8

You either pick a language that allows the syntax you want, or write it out longhand and accept that it "look[s] horrible". For vector arithmetic, there are at least 3 different operations that are reasonably denoted by * (or times or product), and you'd have to have a language that takes return types into account to disambiguate all of them. It's then not ...


7

OpenGL didn't 'embrace' global state so much as it was one of few sensible solutions to a technical problem. It's expensive to communicate with a video card. Flipping bits in video memory is considerably more expensive than flipping bits in ordinary memory. As an example it's so significant that later versions of OpenGL got rid of immediate mode, because ...


6

I'm not sure there is a "right way", but a reasonably effective way of cooperating with a designer is to first build an unstyled system that uses templates and allows for the easy interchange of all templates. Then, once you have a functional-but-unstyled (or minimally styled) interface, you hand the results over to the designer for styling. A decent ...


6

My question is, how does a program tell a graphics card to process something instead of the CPU? The short answer is that every graphics card must come with a driver implementing a standard graphics API such as OpenGL or DirectX, so that the code running on the CPU can call standard functions from that API. When writing your code, this is largely ...


6

While I think the upsides you provided can be true, there is one particular upside for matrices that I think matters a lot: almost all transforms that one wants to do in graphics - scaling, rotation, translation, etc. - can be represented as matrix multiplication. It's nice to have a common format - an interface, if you will. Additionally, compositions of ...


6

There're several good reasons for representing transforms as matrices: Vectors are used a lot in 3D graphics; Matrices are efficient data structures to store multiple vectors; The modern graphics pipeline is shader-based and requires the client application to send data quickly (e.g. buffers); The client can use a single function call to send the transform ...


6

The thing you have to remember is that every float-to-int conversion and vice versa potentially loses information. On most implementations, int can store a larger integer number with full precision than float, while float's decimal values are chopped off when converting to an int and that float can store larger numbers than can fit into an int. Now for your ...


5

For what it's worth, I tend to write my libraries in C++11 for the enhanced feature set. I like being able to take advantage of things like shared pointers, exceptions, generic programming, and other C++ only features. I like C++11 because I've found that a good bit of it is supported on all of the platforms I care about. Visual Studio 2013 has a lot of the ...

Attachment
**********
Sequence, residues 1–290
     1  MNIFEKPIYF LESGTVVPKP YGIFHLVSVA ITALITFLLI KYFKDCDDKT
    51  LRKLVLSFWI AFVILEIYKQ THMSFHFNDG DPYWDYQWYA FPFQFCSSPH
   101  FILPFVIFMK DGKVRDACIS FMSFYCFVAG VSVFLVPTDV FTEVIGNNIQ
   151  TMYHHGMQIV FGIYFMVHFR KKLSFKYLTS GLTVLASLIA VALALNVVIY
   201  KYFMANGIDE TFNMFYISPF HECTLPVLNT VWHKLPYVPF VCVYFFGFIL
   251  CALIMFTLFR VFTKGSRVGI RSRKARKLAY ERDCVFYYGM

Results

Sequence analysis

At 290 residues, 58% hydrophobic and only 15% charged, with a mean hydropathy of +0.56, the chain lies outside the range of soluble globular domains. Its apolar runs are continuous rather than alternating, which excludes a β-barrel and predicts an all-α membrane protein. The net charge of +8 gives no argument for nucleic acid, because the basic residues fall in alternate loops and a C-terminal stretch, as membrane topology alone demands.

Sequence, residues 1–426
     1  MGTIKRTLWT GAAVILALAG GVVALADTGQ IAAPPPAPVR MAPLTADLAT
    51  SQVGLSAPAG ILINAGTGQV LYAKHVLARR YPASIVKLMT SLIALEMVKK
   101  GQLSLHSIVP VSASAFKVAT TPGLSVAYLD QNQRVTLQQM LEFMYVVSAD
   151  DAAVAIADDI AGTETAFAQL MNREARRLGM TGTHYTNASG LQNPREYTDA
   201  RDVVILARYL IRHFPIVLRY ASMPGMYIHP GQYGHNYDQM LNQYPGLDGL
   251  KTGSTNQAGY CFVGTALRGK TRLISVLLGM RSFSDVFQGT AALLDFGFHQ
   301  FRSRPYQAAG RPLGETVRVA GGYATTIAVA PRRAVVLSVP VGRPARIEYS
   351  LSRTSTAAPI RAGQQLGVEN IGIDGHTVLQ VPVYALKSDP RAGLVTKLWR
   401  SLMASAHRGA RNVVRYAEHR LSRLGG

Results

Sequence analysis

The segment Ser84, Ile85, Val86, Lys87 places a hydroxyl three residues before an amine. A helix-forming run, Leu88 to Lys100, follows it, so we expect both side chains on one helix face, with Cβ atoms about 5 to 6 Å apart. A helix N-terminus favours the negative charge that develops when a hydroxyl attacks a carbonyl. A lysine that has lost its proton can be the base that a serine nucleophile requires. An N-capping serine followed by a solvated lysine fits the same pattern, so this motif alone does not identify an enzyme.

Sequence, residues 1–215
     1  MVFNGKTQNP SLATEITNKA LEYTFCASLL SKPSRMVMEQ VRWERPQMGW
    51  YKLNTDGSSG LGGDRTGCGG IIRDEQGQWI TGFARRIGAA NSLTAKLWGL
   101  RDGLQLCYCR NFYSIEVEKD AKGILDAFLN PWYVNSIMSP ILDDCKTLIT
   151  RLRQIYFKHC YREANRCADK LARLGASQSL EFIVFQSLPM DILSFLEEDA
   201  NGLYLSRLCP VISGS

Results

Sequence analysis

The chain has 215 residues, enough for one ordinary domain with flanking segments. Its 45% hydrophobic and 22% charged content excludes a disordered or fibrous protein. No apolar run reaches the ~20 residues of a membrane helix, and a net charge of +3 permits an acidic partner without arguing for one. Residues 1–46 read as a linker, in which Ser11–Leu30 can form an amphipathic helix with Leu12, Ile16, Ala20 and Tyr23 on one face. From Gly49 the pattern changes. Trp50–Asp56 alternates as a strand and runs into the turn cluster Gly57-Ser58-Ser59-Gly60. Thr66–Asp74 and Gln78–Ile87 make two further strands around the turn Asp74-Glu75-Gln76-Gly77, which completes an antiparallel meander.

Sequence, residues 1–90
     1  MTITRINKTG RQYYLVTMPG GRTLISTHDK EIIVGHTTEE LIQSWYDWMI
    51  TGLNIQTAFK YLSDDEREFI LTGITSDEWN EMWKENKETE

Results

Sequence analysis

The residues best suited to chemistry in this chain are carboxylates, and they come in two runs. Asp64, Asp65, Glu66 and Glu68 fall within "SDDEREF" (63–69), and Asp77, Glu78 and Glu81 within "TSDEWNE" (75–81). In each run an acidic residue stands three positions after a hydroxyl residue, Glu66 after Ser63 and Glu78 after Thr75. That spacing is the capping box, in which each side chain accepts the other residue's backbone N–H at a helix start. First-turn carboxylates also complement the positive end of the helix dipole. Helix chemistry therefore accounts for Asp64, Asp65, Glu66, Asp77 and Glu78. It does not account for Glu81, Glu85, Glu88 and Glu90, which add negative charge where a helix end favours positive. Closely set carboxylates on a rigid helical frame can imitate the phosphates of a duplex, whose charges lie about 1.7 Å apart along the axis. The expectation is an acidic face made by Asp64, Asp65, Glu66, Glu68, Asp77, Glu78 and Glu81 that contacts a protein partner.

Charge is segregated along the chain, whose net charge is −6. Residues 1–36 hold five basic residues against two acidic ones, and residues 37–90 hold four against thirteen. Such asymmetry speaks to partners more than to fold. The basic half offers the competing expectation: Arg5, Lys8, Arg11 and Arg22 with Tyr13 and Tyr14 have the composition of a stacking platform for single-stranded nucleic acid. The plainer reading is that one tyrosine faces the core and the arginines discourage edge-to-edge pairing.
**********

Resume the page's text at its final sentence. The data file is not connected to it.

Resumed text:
5

I believe it is somewhat bound up with development of technology and applications. The case Text sent over serial communications, goes first character first, second character second, and so on. IMHO, it makes no sense to do otherwise because we can start reading as soon as the message starts, and we don't need any extra layout information. For western ...


5

OpenGL is a 3D graphics API. It provides APIs describe a 3D scene and render it to a framebuffer and ultimately display it on a screen. The primitives it has are vertex lists, triangle lists, normal vector lists, etc. n.b. 2D is a special case of 3D; IIRC OpenGL doesn't have explicit 2D support (i.e. sprites and bit blit) OpenCV is a computer vision (CV) ...


5

It's extremely popular, dominates on mobile devices, is in active development, and supported on all kinds of GPUs. Why? Well... what's your alternative? Ignoring Vulkan, if you want to write a cross-platform application for mobile devices, and you want to use hardware 3D, what exactly are you going to use except OpenGL ES? Nobody has ever claimed (at ...


5

I figured it out. Took me all day but got the alignment pretty decent for that. What I did was convert a font to SVG, manually copy-paste out the glyphs into JavaScript. Import each one individually into Illustrator, export with alignment in right place (and Illustrator export produces completely different SVG paths than what you provide somehow). Take the ...


4

First, see the wikipedia page on transformation matrices. That should help with the terminology. Next, understand that there are two matrices involved at any given time. The "prime" matrix The "item" matrix The prime matrix usually starts out as a bunch of zeros and a one: [0 0 0] [0 0 0] [0 0 1] This means do nothing. Next the item's matrix is ...


4

If you're making animations and movies, then you'll want to use Blender and other software for rendering them. Thats what they are specifically designed for. Software like Blender would use OpenGL in its own code to render its graphics. So you wouldnt need to deal with OpenGL yourself.